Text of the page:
For a more in-depth test to make sure everything is working, run from the root CCL directory:

$ python setup.py test

This will run the embedded unit tests (may take a few minutes).

Whatever the install method, you can always uninstall the python wrapper by running:

$ pip uninstall pyccl

For quick introduction to CCL in Python look at notebooks in tests/.

Known installation issues

  1. In case you have several C compilers on your system, CMake may not default to the one you want to use. You can specify which C compiler will be used to compile CCL by setting the CC environment variable before calling any cmake or python setup.py commands:
export CC=gcc
  1. If upon running the C tests you get an error from CLASS saying it cannot find the file sBBN_2017.dat, your system is not finding the local copy of CLASS. To solve this, do
export CLASS_PARAM_DIR=your_ccl_path/CCL/build/extern/share/class/

or add this to your .bashrc.

Development workflow

Installing CCL on the system is not a good idea when doing development, you can compile and run all the libraries and examples directly from your local copy.

The only subtlety when not actually installing the library is that one needs to define the environment variable CCL_PARAM_FILE pointing to include/ccl_params.ini :

export CCL_PARAM_FILE=/path/to/your/ccl/folder/include/ccl_params.ini

Failure to define this environment variable will result an exception.

Working on the C library

Here are a few common steps when working on the C library:

  • Cloning a local copy and CCL and compiling it:
$ git clone https://github.com/LSSTDESC/CCL
$ mkdir -p CCL/build && cd CCL/build
$ cmake ..
$ make
  • Updating local copy from master, recompiling what needs recompiling, and running the test suite:
$ git pull      # From root folder
$ make -Cbuild  # The -C option allows you to run make from a different directory
$ export CCL_PARAM_FILE=$PWD/include/ccl_params.ini # set the parameter file
$ build/check_ccl
  • Compiling (or recompiling) an example in the CCL/examples folder:
$ cd examples  # From root folder
$ make -C../build ccl_sample_pkemu
$ ./ccl_sample_pkemu
  • Reconfiguring from scratch (in case something goes terribly wrong):
$ cd build
$ rm -rf *
$ cmake ..
$ make
  • Building CCL in Debug mode. This will disable optimizations and allow you to use a debugger:
$ mkdir -p CCL/debug && cd CCL/debug
$ cmake -DCMAKE_BUILD_TYPE=Debug ..
$ make

Working on the Python library

Here are a few common steps when working on the Python module:

  • Building the python module:
$ python setup.py build

After that, you can start your interpreter from the root CCL folder and import pyccl

  • Running the tests after a modification of the C library:
$ python setup.py build
$ python setup.py test

Compiling against an external version of CLASS

The default installation procedure for CCL implies automatically downloading and installing a tagged version of CLASS. Optionally, you can also link CCL against a different version of CLASS. This is useful if you want to use a modified version of CLASS, or a different or more up-to-date version of the standard CLASS.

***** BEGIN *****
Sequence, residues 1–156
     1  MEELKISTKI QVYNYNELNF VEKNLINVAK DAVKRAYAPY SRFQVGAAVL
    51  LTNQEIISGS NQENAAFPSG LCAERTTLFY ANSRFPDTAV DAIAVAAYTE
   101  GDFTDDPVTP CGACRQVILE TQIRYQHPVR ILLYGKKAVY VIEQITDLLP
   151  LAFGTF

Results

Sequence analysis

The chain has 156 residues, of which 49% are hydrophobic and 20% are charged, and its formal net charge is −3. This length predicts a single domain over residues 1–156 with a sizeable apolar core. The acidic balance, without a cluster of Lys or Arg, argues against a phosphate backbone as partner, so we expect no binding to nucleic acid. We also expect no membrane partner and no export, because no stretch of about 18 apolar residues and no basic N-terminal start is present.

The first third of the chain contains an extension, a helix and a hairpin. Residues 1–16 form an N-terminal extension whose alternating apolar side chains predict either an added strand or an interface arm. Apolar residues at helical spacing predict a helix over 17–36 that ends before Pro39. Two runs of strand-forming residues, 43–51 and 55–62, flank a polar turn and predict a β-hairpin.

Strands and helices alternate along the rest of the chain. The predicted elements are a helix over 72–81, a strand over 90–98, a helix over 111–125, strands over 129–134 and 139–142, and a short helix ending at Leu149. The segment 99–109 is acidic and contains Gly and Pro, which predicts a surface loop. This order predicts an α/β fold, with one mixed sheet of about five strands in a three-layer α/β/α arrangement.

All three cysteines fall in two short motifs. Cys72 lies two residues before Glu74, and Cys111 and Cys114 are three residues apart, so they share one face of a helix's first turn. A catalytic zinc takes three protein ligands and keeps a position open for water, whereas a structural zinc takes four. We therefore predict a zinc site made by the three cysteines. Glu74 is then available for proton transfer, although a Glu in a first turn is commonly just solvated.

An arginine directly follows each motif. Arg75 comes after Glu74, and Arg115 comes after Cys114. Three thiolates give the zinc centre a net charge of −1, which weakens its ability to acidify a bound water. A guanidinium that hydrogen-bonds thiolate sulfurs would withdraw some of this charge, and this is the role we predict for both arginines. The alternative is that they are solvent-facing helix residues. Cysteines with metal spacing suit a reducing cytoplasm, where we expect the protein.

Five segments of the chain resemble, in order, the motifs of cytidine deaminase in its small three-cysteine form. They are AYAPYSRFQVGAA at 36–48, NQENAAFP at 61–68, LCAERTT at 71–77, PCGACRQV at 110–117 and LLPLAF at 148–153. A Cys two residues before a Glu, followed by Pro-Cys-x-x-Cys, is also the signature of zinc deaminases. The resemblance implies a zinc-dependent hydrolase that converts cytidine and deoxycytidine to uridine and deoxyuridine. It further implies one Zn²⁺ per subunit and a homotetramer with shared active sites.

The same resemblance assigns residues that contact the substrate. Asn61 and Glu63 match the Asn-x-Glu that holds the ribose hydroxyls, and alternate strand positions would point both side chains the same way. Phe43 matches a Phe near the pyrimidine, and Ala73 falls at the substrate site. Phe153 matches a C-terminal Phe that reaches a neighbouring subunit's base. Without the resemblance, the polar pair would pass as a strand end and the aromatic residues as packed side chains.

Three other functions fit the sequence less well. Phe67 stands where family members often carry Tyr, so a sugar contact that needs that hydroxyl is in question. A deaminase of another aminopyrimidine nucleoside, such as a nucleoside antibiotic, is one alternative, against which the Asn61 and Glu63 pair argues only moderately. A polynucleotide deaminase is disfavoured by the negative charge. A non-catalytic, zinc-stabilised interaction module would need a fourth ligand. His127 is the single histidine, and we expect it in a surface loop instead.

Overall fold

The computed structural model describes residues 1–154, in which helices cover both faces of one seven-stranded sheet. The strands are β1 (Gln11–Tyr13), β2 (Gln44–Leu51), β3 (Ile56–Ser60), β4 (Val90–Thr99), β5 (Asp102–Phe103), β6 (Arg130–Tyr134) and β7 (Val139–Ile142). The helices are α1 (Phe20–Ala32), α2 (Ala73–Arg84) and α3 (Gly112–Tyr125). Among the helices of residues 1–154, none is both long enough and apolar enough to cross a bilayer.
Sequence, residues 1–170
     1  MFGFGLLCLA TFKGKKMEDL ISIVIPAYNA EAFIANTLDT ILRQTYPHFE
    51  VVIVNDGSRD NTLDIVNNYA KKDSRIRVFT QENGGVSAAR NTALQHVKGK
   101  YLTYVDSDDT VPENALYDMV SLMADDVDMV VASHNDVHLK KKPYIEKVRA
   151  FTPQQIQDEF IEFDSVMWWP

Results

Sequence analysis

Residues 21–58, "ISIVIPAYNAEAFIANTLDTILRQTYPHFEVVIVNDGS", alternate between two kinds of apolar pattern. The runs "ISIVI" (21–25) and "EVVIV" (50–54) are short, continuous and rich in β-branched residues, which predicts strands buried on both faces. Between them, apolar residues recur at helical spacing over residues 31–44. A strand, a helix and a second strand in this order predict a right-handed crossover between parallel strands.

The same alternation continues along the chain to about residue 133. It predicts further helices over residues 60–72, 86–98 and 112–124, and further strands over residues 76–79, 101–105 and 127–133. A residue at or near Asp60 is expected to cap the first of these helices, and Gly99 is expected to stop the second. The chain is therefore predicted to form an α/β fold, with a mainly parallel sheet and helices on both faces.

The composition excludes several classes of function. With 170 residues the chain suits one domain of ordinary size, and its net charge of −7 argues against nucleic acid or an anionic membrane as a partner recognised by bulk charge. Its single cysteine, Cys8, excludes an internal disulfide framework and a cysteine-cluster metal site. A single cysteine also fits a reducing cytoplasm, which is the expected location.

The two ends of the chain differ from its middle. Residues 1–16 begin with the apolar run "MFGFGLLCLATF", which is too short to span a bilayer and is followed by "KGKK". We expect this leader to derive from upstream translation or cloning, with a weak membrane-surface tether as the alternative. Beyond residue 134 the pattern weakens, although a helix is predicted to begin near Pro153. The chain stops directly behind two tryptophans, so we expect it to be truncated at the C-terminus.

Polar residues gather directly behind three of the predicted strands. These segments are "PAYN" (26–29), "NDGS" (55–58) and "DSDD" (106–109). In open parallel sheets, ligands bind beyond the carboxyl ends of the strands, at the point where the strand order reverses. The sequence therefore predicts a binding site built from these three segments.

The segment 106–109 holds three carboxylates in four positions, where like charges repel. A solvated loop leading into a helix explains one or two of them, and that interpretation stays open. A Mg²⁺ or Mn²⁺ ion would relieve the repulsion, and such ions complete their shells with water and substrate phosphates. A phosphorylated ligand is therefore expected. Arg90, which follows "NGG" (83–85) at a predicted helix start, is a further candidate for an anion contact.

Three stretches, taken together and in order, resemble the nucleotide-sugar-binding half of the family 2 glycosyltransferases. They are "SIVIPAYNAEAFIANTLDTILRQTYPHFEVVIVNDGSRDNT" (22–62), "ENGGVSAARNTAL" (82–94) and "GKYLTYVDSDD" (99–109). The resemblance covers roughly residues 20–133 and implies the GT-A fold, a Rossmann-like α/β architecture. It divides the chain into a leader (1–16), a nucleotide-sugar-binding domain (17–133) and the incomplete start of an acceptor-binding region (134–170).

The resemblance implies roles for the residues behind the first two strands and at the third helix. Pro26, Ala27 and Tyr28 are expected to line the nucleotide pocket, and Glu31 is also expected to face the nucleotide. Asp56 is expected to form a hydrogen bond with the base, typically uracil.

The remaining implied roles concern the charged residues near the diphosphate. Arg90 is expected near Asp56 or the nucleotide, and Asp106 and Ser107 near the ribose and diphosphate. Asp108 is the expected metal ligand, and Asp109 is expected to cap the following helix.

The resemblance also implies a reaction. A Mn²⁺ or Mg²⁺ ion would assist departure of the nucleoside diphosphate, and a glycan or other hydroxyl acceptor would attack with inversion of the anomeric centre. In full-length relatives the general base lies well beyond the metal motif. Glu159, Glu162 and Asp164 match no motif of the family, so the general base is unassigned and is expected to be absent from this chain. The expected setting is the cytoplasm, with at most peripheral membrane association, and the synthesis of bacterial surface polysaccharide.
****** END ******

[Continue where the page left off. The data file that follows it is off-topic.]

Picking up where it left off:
To compile CCL with an external version of CLASS, just run the following CMake command at the first configuration step of the install (from the build directory, make sure it is empty to get a clean configuration):

$ cmake -DEXTERNAL_CLASS_PATH=/path/to/class ..

the rest of the build process should be the same.

Docker image installation

The Dockerfile to generate a Docker image is included in the CCL repository as Dockerfile. This can be used to create an image that Docker can spool up as a virtual machine, allowing you to utilize CCL on any infrastructure with minimal hassle. The details of Docker and the installation process can be found at https://www.docker.com/. Once Docker is installed, it is a simple process to create an image! In a terminal of your choosing (with Docker running), type the command docker build -t ccl . in the CCL directory.

The resulting Docker image has two primary functionalities. The first is a CMD that will open Jupyter notebook tied to a port on your local machine. This can be used with the following run command: docker run -p 8888:8888 ccl. You can then access the notebook in the browser of your choice at localhost:8888. The second is to access the bash itself, which can be done using docker run -it ccl bash.

This Dockerfile currently contains all installed C libraries and the Python wrapper. It currently uses continuumio/anaconda as the base image and supports ipython and Jupyter notebook. There should be minimal slowdown due to the virtualization.

Documentation

CCL has basic doxygen documentation for its C routines. This can be found in the directory doc/html within the CCL repository by opening the index.html file in your browser. The python routines are documented in situ; you can view the documentation for a function by calling help(function name) from within python.

This document contains basic information about used structures and functions. At the end of document is provided code which implements these basic functions (also in examples/ccl_sample_run.c). More information about CCL functions and implementation can be found in doc/0000-ccl_note/0000-ccl_note.pdf.

Cosmological parameters

Start by defining cosmological parameters defined in structure ccl_parameters. This structure (exact definition in include/ccl_core.h) contains densities of matter, parameters of dark energy (w0, wa), Hubble parameters, primordial power spectra, radiation parameters, derived parameters (sigma_8, Omega_1, z_star) and modified growth rate.

Currently, the following families of models are supported:

  • Flat ΛCDM
  • wCDM and the CPL model (w0 + wa)
  • Non-zero curvature (K)
  • Arbitrary, user-defined modified growth function
  • A single massive neutrino species or multiple equal-mass massive neutrinos (non-compatible with the user-defined modified growth function)

You can initialize this structure through function ccl_parameters_create which returns object of type ccl_parameters.

ccl_parameters ccl_parameters_create(
    double Omega_c, double Omega_b, double Omega_k, double N_nu_rel, double N_nu_mass, double mnu,